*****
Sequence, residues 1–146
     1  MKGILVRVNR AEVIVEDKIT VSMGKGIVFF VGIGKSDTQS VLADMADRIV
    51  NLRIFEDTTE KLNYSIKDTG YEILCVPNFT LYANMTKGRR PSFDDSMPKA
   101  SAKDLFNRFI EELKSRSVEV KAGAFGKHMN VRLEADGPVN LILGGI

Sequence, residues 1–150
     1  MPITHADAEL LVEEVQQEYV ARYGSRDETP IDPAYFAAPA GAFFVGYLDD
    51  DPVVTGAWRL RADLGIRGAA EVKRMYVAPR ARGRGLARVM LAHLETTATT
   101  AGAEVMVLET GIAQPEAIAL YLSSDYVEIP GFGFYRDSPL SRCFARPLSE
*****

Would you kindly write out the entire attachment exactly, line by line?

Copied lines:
Sequence, residues 1–146
     1  MKGILVRVNR AEVIVEDKIT VSMGKGIVFF VGIGKSDTQS VLADMADRIV
    51  NLRIFEDTTE KLNYSIKDTG YEILCVPNFT LYANMTKGRR PSFDDSMPKA
   101  SAKDLFNRFI EELKSRSVEV KAGAFGKHMN VRLEADGPVN LILGGI

Sequence, residues 1–150
     1  MPITHADAEL LVEEVQQEYV ARYGSRDETP IDPAYFAAPA GAFFVGYLDD
    51  DPVVTGAWRL RADLGIRGAA EVKRMYVAPR ARGRGLARVM LAHLETTATT
   101  AGAEVMVLET GIAQPEAIAL YLSSDYVEIP GFGFYRDSPL SRCFARPLSE